Today, we live in a world of personalised media rather than the mass media sphere of years gone by. We are now in charge of how/where we shop, how we package our music to suit our exact requirements, and even how and when we choose to view television programmes on our own schedule. Everybody has differing requirements and therefore, by being able to decide how WE want to operate in so many arenas, allows us to make media work for us rather than being constrained by its singular usage.

This can also be seen in school requirements for elearning. The very fact that every student and every teacher has different requirements, means that schools are now, more than ever, in a position to blend different learning styles and approaches to suit their students. Schools are able to choose from an array of teaching and learning tools that can be tailored to the specific requirements of the target audience. This must be beneficial to schools. With issues such as Special Educational Needs (SEN) and Gifted & Talented students to deal with, often under one roof, the ability to piece together your own flexible sloution will increasingly help to raise standards.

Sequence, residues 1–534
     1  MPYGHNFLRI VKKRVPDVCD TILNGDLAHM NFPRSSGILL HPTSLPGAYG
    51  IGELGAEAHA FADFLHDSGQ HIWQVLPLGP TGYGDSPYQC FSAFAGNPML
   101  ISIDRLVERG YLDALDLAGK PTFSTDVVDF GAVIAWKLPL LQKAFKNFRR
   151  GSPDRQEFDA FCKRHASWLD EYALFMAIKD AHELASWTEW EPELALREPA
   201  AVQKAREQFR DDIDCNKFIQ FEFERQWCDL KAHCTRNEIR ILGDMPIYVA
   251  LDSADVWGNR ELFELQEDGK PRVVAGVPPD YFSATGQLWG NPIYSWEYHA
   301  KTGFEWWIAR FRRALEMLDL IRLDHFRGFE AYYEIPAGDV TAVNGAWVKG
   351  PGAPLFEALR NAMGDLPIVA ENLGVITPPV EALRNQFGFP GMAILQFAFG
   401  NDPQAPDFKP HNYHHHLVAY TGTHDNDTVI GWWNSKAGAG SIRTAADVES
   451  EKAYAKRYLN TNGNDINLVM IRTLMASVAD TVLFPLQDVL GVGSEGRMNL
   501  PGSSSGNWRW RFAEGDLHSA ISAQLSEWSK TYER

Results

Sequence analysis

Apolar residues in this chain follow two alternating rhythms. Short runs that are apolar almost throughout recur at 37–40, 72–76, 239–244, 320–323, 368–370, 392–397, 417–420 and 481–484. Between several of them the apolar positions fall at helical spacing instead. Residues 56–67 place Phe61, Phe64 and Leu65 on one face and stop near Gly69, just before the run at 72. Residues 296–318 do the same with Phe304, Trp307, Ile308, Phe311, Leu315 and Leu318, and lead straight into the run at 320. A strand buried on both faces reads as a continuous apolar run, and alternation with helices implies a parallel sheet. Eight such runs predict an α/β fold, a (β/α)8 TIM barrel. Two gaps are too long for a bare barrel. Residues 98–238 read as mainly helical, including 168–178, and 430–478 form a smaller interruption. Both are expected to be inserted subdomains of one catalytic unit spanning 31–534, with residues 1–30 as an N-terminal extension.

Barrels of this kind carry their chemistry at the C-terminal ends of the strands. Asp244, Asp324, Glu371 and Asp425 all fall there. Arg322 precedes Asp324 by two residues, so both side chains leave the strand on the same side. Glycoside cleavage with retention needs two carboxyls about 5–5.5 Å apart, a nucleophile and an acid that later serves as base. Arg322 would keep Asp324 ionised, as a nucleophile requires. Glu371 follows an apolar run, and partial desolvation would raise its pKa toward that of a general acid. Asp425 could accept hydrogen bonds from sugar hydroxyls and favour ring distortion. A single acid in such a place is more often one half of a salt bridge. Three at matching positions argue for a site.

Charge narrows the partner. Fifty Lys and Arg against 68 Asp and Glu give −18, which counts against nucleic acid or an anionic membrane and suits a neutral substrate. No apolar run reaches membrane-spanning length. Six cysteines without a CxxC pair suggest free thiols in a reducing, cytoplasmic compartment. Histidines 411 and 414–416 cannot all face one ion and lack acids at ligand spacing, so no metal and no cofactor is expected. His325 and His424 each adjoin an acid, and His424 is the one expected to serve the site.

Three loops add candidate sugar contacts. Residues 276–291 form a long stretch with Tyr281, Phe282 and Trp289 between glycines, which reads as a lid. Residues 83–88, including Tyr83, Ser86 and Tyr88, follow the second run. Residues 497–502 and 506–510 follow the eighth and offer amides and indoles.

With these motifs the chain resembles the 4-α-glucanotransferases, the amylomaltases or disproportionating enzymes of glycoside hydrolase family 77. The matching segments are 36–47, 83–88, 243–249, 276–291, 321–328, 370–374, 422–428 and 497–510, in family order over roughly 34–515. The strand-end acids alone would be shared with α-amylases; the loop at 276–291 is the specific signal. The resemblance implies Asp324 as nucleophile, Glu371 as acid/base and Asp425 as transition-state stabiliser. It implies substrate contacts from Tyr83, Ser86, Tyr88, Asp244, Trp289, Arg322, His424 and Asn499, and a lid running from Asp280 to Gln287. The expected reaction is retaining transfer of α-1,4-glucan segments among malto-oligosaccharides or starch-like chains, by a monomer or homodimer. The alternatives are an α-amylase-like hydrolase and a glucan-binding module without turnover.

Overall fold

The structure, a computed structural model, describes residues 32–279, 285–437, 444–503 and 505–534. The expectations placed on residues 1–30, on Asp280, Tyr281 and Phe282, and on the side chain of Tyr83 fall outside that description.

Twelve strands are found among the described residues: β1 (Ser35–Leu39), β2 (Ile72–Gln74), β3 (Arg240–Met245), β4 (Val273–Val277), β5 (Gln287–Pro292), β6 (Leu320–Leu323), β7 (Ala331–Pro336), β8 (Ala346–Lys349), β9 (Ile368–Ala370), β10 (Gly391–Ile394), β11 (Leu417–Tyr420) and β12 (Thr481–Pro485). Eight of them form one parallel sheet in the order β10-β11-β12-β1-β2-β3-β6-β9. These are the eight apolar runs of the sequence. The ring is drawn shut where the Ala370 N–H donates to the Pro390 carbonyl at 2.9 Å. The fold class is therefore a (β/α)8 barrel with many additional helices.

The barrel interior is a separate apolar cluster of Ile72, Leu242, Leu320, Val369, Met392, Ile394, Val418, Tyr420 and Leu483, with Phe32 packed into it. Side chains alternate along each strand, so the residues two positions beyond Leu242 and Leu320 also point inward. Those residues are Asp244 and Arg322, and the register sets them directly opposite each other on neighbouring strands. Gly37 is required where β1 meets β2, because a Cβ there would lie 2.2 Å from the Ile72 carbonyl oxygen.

The content sector of elearning has exploded in recent years, giving teachers the perfect platform to explore teaching and learning solutions for all students. Elearning must continue to diversify in this way to give teachers the oppertunity to decide for themselves which services are most appropriate to match their personal requirements. Long may this 'personalised media' revolution continue as a way to offer a democratic solution for all.

Tuesday, July 04, 2006

Blended Learning in the 'New World'